West argues that USDA is not entitled to significant deference because it has not maintained a consistent interpretation of the word "receives." See Natural Resources Defense Council v. U.S. Environmental Protection Agency, 683 F.2d 752, 760 (3d Cir. 1982) ("sharp changes of agency course constitute 'danger signals' to which a reviewing court must be alert."). Initially, USDA required that food stamp applicants have their first SSI check in hand before they could be deemed eligible for food stamps. Subsequently, USDA relaxed that requirement and did not require the actual receipt of an SSI check before an individual could qualify for disability food stamp preferences. In at least three types of circumstances, USDA authorized food stamps where the recipient had not as yet "received" SSI disability checks: (1) where the disability determination had been adjudicated but where disability payments had not been received; (2) where a disability payment for a particular month was not made because of previous disability benefit overpayments; and (3) where retroactive payments were made to "categorically eligible" beneficiaries.

Before us, USDA counters this argument by contending that an agency is entitled to change its mind, that the policy changes delineated by West were minor, and that in any event, those changes in policy favor rather than disfavor the class represented by West. West in turn responds that these changes underscore the arbitrary and capricious nature of USDA's interpretation and amount to unlawful discrimination against the handicapped under Section 504 of the Rehabilitation Act.*fn5

While it is true that USDA has modified its position in these particulars, we are not persuaded that these policy determinations amount to the type of inconsistent action which must divest the agency of the deference to which it is normally entitled. In Natural Resources Defense Council v. U.S. Environmental Protection Agency, 683 F.2d 752, 760 (3d. Cir. 1982), we held that where an agency has sharply changed its substantive policy, a reviewing court must scrutinize the agency's actions more closely and in doing so, not accord the same deference to the agency's interpretation of statutes and regulations, as might otherwise be the case. The plaintiffs in Natural Resources challenged the Environmental Protection Agency's ("EPA") decision to defer indefinitely the effective date of regulations promulgated pursuant to § 307(b)(1) of the Clean Water Act, 33 U.S.C. § 1317(b)(1). These regulations would have controlled the discharge of toxic pollutants into publicly owned sewage treatment plans. We observed that EPA had "without notice and the opportunity for comment, abrogated rules which had been proposed, which had undergone years of notice and comment procedures, and which had been promulgated, with an effective date, in final form." We therefore concluded that EPA's actions were not entitled to full deference. Id.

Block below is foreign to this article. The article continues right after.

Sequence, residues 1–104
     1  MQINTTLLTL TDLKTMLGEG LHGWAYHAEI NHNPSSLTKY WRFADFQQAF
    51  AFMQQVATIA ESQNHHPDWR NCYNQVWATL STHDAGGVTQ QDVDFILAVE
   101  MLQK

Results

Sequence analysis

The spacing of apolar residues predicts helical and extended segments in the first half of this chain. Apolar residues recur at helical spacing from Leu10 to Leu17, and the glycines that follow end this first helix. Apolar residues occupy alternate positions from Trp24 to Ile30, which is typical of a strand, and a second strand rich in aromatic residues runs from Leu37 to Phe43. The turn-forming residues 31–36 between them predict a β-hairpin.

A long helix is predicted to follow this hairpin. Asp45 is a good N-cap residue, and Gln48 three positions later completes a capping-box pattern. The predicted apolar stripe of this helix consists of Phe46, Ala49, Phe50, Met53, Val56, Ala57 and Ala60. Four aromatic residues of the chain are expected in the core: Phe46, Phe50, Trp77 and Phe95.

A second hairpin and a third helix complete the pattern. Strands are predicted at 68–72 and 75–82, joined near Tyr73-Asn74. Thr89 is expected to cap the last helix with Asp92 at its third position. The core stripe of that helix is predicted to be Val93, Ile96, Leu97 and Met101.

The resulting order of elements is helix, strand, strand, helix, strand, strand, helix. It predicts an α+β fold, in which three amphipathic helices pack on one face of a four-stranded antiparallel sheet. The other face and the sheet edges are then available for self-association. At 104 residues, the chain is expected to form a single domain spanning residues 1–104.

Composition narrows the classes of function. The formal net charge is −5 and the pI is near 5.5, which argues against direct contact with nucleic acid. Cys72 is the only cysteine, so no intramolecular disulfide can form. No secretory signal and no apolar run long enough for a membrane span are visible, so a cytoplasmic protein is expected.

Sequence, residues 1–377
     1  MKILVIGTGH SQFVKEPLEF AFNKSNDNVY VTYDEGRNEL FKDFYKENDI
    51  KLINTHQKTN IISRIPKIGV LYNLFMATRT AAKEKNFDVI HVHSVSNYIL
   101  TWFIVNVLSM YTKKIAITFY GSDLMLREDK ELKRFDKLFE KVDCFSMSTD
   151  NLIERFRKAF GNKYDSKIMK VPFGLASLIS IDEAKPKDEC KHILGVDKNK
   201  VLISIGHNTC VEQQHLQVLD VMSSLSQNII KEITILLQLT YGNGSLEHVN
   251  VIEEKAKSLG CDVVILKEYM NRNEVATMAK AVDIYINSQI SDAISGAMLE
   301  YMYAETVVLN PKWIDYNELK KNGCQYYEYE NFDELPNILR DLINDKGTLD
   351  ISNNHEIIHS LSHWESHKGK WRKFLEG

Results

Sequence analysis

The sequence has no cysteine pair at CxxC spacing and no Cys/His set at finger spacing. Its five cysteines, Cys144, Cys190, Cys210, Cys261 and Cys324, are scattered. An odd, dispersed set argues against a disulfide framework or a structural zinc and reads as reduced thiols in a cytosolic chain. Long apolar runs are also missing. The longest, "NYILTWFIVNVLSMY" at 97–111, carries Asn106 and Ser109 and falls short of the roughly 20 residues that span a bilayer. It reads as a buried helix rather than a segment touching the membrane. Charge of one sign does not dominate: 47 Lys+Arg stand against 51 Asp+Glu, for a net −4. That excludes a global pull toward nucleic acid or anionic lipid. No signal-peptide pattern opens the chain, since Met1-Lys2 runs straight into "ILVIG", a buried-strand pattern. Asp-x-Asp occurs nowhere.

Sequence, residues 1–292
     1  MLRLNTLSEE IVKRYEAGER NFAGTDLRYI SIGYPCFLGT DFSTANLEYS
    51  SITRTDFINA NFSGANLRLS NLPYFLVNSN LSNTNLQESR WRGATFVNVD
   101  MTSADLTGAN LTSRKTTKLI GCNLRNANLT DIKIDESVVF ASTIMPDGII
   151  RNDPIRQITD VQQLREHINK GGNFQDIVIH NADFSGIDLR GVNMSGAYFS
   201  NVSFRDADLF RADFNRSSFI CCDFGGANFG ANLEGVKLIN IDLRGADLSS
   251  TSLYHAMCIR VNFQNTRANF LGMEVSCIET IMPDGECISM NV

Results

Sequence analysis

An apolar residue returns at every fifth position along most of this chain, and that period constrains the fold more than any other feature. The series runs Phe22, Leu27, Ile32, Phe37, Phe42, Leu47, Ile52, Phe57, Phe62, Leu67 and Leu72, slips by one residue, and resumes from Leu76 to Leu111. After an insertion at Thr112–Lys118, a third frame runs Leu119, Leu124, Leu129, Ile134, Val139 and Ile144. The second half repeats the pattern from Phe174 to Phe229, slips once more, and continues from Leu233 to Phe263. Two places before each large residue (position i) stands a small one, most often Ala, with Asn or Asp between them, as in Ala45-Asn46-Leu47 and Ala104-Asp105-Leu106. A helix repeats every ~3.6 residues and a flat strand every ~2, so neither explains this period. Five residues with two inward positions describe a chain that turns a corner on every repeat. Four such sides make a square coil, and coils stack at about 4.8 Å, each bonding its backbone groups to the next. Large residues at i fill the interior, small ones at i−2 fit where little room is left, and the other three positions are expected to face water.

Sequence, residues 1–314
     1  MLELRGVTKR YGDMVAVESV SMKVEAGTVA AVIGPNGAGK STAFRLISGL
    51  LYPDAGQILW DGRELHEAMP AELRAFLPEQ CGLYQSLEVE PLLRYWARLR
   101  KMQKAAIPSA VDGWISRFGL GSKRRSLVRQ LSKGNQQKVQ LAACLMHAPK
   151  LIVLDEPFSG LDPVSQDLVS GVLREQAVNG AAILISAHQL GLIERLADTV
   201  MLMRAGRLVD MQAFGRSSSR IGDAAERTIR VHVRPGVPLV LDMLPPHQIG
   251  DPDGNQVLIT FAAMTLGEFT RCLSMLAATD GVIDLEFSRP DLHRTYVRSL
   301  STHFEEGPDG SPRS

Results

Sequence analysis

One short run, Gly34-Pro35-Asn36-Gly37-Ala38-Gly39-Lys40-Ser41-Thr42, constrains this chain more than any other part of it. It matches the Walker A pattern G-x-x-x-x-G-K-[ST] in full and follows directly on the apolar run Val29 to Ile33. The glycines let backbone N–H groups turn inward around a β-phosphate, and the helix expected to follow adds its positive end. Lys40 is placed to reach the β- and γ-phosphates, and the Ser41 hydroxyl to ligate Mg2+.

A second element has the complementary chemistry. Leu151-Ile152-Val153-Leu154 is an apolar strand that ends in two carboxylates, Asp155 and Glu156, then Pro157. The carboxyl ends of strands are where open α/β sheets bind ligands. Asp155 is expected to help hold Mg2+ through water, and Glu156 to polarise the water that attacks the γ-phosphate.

Here, however, the record does not disclose the sharp reversals of policy by USDA, similar to those we confronted in Natural Resources. Absent such major reformulations of policy, we remain bound to our traditional standard of deference we, therefore, hold that the Secretary is entitled to the deference owed to him by our standard of review and conclude that his construction of § 2012(r) precluding retroactive food stamp payments is reasonable.*fn6



The first of West's alternate arguments implicates alleged unlawful discrimination against the disabled. Section 504 of the Rehabilitation Act of 1973, 29 U.S.C. § 794, provides: "No otherwise qualified individual with handicaps * * * shall solely by reason of his handicap, be excluded from the participation in, the benefits of, or be subjected to discrimination under any program or activity receiving federal financial assistance * * *."

First, she claims that the effect of USDA's policy is to deny disabled individuals retroactive payments of food stamps to which they are entitled. See note 5, supra. the same time, West asserts that USDA permits nondisabled individuals who are otherwise entitled to food stamps, to receive such retroactive food stamp payments in the event that such payments have been wrongfully withheld or denied. 7 U.S.C. §§ 2020(e)(11) and 2023(b), see note 5, supra.*fn7